Taoiseach Enda Kenny has appeared to back down on summer claims he would rebuke US president-elect Donald Trump for his “racist” remarks after saying he wants Ireland to continue its close relationship with the economic powerhouse.
The Fine Gael leader failed to address the racism row in separate Dáil exchanges and RTÉ interviews yesterday, causing growing criticism from a section of the opposition.
In a statement early yesterday morning, Mr Kenny said he is “pleased to offer our sincere congratulations” to Mr Trump on his election to the White House.
Stressing Ireland and the US “have enjoyed a very close and warm relationship for many generations” he said he is “confident that under his leadership our bi-lateral relations will continue to prosper”.
The carefully-worded statement notably described defeated Democratic candidate Hillary Clinton as “a friend to Ireland” and stressed the need for the new US administration to “pursue comprehensive immigration reform” to benefit undocumented Irish in America.
However, it failed to make any reference to Mr Kenny’s summer comments that he would rebuke Mr Trump for his “racist and dangerous” remarks if elected to office — a side-step repeated by the Taoiseach throughout yesterday.
In a Dáil exchange with AAA-PBP TD Ruth Coppinger, Mr Kenny was specifically asked if he would stand firm on his stance and tackle Mr Trump over the issue.
However, despite being asked when he would raise the issue with the US president elect “face to face”, Mr Kenny would only say the US has made “a very democratic decision” and that the remarks which were racist and dangerous were made “in the heat of battle”.
On a later RTÉ interview, Mr Kenny again failed to confirm if he will raise his summer concerns with Mr Trump, saying three times the remarks were made “in the heat of a primary battle” and that “the first thing” the president elect said he wants to do in his victory speech was to “heal wounds”.
Asked if he has concerns about Mr Trump’s plans to entice Irish-based US firms home with corporate tax cuts, Mr Kenny pointedly noted Ireland has control over its own corporate tax rate and that Irish firms employ more than 100,000 US citizens in America.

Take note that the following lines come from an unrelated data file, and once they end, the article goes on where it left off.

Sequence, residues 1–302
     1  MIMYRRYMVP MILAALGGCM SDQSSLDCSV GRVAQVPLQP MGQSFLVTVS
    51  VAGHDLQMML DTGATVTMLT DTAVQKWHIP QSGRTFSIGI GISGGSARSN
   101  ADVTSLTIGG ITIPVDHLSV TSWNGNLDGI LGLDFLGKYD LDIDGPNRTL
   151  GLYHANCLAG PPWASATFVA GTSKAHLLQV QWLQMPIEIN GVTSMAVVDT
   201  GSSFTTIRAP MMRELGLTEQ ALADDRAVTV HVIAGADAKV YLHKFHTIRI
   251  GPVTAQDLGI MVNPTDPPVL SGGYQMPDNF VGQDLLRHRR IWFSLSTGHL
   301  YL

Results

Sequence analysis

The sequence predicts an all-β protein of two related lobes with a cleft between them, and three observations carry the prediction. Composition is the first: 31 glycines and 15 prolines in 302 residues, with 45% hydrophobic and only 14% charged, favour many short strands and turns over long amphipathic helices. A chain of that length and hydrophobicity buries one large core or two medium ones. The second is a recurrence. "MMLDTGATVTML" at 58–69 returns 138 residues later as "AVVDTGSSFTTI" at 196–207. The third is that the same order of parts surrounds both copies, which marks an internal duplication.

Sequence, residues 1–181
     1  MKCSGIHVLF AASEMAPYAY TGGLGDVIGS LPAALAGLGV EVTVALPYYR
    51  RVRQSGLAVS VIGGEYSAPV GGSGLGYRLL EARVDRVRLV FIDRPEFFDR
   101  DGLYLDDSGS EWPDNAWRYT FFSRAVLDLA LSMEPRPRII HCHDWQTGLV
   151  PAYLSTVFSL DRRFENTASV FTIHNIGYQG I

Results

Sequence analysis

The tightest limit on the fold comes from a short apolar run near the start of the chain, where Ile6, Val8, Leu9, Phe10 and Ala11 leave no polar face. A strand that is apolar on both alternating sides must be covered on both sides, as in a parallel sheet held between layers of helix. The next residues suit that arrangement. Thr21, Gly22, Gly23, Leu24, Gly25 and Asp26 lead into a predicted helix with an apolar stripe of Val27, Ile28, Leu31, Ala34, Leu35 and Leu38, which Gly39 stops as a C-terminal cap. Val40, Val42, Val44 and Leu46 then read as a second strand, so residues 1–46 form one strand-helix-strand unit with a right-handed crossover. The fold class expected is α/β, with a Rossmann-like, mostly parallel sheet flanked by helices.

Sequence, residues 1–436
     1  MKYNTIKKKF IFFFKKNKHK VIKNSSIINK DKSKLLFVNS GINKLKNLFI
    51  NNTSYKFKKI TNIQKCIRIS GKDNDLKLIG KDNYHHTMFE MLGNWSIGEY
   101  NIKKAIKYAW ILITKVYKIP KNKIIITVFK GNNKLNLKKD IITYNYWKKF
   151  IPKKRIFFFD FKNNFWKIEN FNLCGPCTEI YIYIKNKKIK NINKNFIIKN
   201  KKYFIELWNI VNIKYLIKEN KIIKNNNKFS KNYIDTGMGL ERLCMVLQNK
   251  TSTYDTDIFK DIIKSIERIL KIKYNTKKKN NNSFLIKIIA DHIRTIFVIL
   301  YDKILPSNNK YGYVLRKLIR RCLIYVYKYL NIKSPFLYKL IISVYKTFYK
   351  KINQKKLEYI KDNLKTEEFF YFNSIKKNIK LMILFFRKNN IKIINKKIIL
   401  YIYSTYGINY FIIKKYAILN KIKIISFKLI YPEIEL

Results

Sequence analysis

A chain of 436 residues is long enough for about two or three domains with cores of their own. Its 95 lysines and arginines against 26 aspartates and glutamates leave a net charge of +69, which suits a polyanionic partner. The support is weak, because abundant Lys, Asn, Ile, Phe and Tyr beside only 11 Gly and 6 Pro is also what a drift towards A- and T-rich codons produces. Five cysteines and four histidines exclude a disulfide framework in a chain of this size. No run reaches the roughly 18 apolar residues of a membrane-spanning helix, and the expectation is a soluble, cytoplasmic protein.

Justice Minister and former National Women’s Council of Ireland chair Frances Fitzgerald’s spokesperson said she “still stands by” her similar remarks last month.
On October 10, Ms Fitzgerald said recordings of Mr Trump making lewd remarks and joking about sexually assaulting women because he is “a star” were “horrendous”, “very disturbing” and “a major issue in terms of candidacy for anyone to be president of the US”.
In a terse two-sentence statement yesterday, President Michael D Higgins separately gave a cool response to the US election result.
“Ireland has a long and deep connection with the US and its people. I have conveyed my best wishes to president-elect Donald Trump, wishing him and the American people every good fortune for his term in office,” he said.
Speaking during a BBC World Service event in Dublin Castle last night Social Protection Minister Leo Varadkar said Mr Trump had “struck potentially a different tone” for his presidency when he spoke yesterday.
Mr Varadkar said Enda Kenny had congratulated Mr Trump “for the exact same reason” as many other world leaders — because he was acknowledging a democratically elected president.
Meanwhile, Transport Minister Shane Ross admitted he was “very, very surprised” by the election result, but stressed the “democratic” decision must be accepted. Asked if the Government should accept invites to the White House from Mr Trump, he said: “We are now in a new situation and we are going to have to accept that.”
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